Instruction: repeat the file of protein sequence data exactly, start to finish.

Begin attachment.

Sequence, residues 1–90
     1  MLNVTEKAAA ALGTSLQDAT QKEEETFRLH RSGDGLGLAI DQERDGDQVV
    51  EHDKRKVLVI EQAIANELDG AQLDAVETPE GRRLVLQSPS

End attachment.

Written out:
Sequence, residues 1–90
     1  MLNVTEKAAA ALGTSLQDAT QKEEETFRLH RSGDGLGLAI DQERDGDQVV
    51  EHDKRKVLVI EQAIANELDG AQLDAVETPE GRRLVLQSPS